UK rail users face a further rise in ticket prices from January 2020. Industry and passenger bodies are already joining the regular annual debate on whether rises should be based on the Retail Prices Index (RPI) inflation measure for July in the previous year (2.8% for 2019). While less than half of train fares are regulated in this way, passengers will be concerned about any price rise at all.
So, what can train operators do to help mitigate the cost of increasing fares and the effects on customer satisfaction?
Making Delay Pay
Transport Focus is the independent watchdog for transport users. It recently launched ‘Make Delay Pay’, a campaign to encourage passengers to claim the compensation they are entitled to. It comes as statistics reveal that one in three passengers claim for eligible compensation. Part of the campaign’s aim is to turn compensation into an incentive to train operators: “reliability must keep improving”.
One of the watchdog’s previous initiatives was working with the Government and the Rail Delivery Group (RDG) to set up the new Rail Ombudsman. It provides a free independent way of resolving disputes between passengers and rail companies. Yet, Tracsis Travel Compensation Services (TTCS) believes that automating Delay Repay could help mitigate disputes and negative customer satisfaction.
Sarah Dalby, TTCS’s Managing Director, says: “Passengers care about service reliability and costs. And if they have had their day disrupted by a train cancellation or delay, they’re entitled to claim compensation when the delay hits certain thresholds. It’s good news that these Delay Repay thresholds are being standardised across TOCs as franchises are renewed. But some train operators are yet to take advantage of the solutions available for making all Delay Repay easier.”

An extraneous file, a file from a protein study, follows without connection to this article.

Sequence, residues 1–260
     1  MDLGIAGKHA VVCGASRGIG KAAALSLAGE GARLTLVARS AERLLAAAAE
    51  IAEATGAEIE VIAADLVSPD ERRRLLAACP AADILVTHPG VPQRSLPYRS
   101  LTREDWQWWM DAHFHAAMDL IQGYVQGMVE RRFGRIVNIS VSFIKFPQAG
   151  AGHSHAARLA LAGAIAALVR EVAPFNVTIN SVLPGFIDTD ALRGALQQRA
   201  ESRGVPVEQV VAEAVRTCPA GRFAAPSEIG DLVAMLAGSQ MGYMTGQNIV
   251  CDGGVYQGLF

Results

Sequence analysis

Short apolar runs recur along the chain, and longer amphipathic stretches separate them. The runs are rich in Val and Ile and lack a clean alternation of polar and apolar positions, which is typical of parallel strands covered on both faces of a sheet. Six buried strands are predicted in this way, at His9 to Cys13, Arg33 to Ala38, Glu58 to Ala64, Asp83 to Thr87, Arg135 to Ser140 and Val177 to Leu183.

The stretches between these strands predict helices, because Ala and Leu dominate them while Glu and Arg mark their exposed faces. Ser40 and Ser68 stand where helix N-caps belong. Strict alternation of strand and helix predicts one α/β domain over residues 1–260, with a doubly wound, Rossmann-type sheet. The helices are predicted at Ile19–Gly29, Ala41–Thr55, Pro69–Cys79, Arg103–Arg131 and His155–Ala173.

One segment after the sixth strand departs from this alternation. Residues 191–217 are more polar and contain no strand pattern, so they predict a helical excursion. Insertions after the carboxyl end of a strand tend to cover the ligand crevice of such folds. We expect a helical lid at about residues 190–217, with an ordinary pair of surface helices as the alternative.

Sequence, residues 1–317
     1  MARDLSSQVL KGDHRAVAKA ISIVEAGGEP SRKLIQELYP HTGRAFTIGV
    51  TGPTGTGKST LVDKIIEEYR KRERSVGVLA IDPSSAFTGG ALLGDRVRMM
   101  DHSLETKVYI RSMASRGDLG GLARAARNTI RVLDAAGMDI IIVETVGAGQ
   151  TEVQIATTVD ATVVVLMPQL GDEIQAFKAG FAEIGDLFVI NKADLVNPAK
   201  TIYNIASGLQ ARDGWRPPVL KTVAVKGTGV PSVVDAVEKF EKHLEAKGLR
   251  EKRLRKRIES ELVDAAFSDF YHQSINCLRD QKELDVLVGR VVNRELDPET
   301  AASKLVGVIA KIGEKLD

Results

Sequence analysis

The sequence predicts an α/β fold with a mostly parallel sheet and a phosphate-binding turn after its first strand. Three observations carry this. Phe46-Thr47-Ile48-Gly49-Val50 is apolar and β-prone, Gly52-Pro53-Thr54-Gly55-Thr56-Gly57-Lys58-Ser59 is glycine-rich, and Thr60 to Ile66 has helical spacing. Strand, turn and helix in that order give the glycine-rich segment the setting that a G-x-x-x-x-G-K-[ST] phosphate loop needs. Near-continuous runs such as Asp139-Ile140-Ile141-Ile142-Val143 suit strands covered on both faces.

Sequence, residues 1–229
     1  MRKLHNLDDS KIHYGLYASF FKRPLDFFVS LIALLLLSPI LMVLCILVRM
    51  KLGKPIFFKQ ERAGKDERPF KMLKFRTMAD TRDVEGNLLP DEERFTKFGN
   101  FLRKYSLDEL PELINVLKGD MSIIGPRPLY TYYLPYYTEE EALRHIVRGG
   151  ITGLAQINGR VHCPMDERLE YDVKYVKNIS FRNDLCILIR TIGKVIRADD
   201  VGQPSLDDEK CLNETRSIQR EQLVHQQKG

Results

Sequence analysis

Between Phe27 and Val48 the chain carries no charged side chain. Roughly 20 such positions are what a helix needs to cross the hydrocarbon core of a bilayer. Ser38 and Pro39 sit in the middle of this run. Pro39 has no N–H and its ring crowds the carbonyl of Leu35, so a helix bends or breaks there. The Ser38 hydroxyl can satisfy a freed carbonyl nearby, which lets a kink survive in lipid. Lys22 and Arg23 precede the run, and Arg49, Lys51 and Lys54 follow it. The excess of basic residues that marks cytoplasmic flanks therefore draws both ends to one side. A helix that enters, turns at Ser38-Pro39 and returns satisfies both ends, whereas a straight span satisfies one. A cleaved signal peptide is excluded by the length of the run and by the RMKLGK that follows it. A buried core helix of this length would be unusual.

The benefits of the TTCS automated Delay Repay innovation include increased customer satisfaction, a faster, slicker and more efficient claims process for the train operators, with increased revenues and reduced fraudulent claims. It’s also configurable to the requirements of individual train operators. What’s more, TTCS’s award winning ‘One-Click’ claiming meets the Office of Rail and Road’s (ORR) new recommendations to the Williams rail review.
Office of Rail and Road recommendations
The ORR recommends “…that train operators automate their claims processes to the greatest possible extent, including the use of automated (one-click) claims processes so that more passengers can access compensation in ways that are convenient to them.”
Sarah adds: “Train operators (TOCs) will be glad to hear that our ‘One-Click’ claiming can do just that! With its phased implementation process, operators can quickly start reducing processing costs and improving fraud detection. It’s biggest benefit right now is that it can help improve customer service at a time when the media is fuelling the passengers’ fire on forthcoming fare increases.”
Read more on how we’re revolutionising rail, 'one-click' at a time…